The offline movie sector is pretty similar. In 2015 the total box office in China hit 44 billion RMB, a 48% comparative growth on moving base. The total number of movie viewers in 2015 was 1.26 billion, a year-on-year growth of 51%. From this perspective, it’s apparent that the consuming power in China is growing fast and entertainment content is also the area that consumers are willing to pay for.

Gong Yu, CEO of Iqiyi, predicted in June last year that the time of free video sites has ended. A group of video sites has already been benefited by the change of user habits. But who will be the biggest winner? From the perspective of products, Netflix’s content is the game-changer.

It’s commonly accepted that American TV shows on Netflix are much interesting than Chinese shows for the fact that they are of high-quality and were filmed by competitive production teams with better and more exciting story plots. Even just look the investment hey have. Lost the soap opera was extremely good and its investment per episode was up to 14 million RMB while that of Chinese ones is only less than one million. Zheng Xiaolong, director of Empresses in the Palace, stated that 60% of the revenue from the TV commercials has been used in creating new stuff while Chinese TV stations only invest 10%.

Local video sites have the advantage of additional value, which means they can have different service packages to attract users. For instance, LeTV’s member users can enjoy discount when buying smart LeTV phones and LeTV television, as well as special benefits of movie-related activities. Furthermore, some video sites even have contents on concerts and music videos etc.

How many users Netflix could amass in China?

Before we discuss further about this question, we can first take a look at the index of Netflix’s shows on Baidu. Baidu’s index shows that since 2009, the index of users that watch American TV show has jumped from 100 to 12,000 in 2014, around ten times higher that that in 2009. The index now has reached 14,800 with 19,000 as the peak number in July last year. In other words, American TV shows are getting even more popular in China.

The Paper conducted a survey among the post-90s users last summer, of which result shows that 45.7% of users within this particular age group is more interested in American shows. That being said, American shows have become the most popular category among the post-90s generation. Additionally, according to statistics on video sites, American shows viewers in China are mainly overseas returnees, white collars and college students, who happen to be the most influential group in society.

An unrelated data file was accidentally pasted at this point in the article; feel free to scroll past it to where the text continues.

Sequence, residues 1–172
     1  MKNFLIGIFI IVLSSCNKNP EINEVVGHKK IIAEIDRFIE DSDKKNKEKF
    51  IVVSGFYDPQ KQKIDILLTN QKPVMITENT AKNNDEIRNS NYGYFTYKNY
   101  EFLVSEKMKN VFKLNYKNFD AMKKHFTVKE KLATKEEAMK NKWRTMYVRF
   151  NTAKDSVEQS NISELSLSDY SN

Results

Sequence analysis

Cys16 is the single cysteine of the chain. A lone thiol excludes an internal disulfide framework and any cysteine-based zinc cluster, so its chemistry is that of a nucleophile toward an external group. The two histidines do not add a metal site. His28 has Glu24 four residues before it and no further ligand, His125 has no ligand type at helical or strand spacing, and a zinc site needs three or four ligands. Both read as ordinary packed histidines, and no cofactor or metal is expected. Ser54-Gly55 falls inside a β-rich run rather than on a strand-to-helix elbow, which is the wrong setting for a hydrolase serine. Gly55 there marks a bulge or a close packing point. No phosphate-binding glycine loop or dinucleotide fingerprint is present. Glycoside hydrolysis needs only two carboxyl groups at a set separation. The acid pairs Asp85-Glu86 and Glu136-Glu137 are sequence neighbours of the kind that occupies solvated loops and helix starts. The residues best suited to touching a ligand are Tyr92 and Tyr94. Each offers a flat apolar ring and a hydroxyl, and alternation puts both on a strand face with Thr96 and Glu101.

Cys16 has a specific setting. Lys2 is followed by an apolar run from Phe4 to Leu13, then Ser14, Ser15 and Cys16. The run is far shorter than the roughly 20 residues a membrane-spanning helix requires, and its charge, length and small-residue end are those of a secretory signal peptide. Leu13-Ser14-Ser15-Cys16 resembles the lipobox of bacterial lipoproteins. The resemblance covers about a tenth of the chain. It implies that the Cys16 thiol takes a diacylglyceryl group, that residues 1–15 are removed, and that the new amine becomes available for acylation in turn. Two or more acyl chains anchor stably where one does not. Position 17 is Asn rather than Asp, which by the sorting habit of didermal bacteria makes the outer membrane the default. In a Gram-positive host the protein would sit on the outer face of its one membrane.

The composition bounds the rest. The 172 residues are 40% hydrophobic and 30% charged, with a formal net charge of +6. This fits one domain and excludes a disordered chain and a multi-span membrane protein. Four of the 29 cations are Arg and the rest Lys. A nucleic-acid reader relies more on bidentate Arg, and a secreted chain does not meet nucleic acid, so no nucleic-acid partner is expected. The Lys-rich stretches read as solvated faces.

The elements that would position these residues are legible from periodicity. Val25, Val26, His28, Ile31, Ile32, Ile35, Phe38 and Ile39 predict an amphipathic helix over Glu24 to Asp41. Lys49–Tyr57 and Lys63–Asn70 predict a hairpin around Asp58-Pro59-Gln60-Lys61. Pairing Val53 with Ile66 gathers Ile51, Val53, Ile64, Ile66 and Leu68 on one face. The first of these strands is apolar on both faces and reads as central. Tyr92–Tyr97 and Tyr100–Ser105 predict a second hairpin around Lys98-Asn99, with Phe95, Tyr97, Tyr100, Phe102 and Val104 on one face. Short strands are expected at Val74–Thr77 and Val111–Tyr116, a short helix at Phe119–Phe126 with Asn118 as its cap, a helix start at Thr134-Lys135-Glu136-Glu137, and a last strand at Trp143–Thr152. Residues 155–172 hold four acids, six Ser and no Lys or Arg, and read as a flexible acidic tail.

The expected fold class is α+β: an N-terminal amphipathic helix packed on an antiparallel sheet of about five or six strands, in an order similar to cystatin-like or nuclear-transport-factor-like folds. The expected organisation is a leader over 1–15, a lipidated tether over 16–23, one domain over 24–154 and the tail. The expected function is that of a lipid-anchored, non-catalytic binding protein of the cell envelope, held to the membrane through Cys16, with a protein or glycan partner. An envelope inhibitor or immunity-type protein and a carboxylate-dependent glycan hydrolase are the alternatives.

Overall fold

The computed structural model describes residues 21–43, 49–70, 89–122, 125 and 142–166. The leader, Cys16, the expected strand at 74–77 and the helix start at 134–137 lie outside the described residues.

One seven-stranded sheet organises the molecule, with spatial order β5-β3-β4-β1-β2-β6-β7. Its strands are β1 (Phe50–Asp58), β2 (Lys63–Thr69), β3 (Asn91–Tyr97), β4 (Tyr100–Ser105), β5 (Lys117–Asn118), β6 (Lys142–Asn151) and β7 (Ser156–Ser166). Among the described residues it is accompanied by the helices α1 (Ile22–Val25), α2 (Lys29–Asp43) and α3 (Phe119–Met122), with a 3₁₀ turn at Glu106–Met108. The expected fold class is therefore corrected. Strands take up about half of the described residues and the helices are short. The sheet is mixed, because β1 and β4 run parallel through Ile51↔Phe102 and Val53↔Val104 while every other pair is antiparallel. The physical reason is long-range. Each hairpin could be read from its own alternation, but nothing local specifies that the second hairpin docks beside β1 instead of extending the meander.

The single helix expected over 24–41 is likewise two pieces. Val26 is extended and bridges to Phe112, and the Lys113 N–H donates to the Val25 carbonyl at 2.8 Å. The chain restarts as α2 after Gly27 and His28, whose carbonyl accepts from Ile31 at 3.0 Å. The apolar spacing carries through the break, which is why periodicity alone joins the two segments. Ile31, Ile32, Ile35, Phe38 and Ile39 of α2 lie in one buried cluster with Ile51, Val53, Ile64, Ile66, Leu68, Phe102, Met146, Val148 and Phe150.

Another set of data might be able to be the indicator of measuring the amount of users Netflix might get in China: Guardian has reported that according to market research firm GlobalWebIndex, the number of Netflix’s “illegal” users has reached 30 million, 50% of the current subscribers. So here comes the twist: More than 20 million out of these 30 million users are actually from China! These 20 million users pay not only for VPN to be able to have access to Netflix, but also pay for Netflix’s membership.

Although such report hasn’t been confirmed officially by Netflix, it’s no secret that in China many users are using VPN to enjoy Netflix’s service. What’s more, there are tons of tutorials on many Chinese websites that teach people how to use Netflix’s service. In this case, if Netflix is able to enter China and insure the quality of its content, then it would be easy for the company to amass 20 million users that are willing to pay for services.

However, whether Netflix’s business model could work in China or not remains unknown. Well, who knows if Netflix would adopt the mainstream free video + advertisement model in China? In any case, Netflix’s options are deeply influenced by the country’s policy. Currently most video sites in China provide free videos that they bought from foreign firms with users and earn money through advertisements. The advantage of such model is that it can attract high-end users, which are exactly what high-end brands need.

No matter what kind of charging model Netflix will adopt in China, the Chinese market will surely be a lucrative market for the company, since American TV shows have become extremely popular in China and Chinese users are forming the habit of paying for the content. For Chinese video sites like LeTV, this is no doubt a devastating blow.

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[The article is published and edited with authorization from the author @Niu Yang, please note source and hyperlink when reproduce.]

Translated by Garrett Lee (Senior Translator at PAGE TO PAGE), working for TMTpost.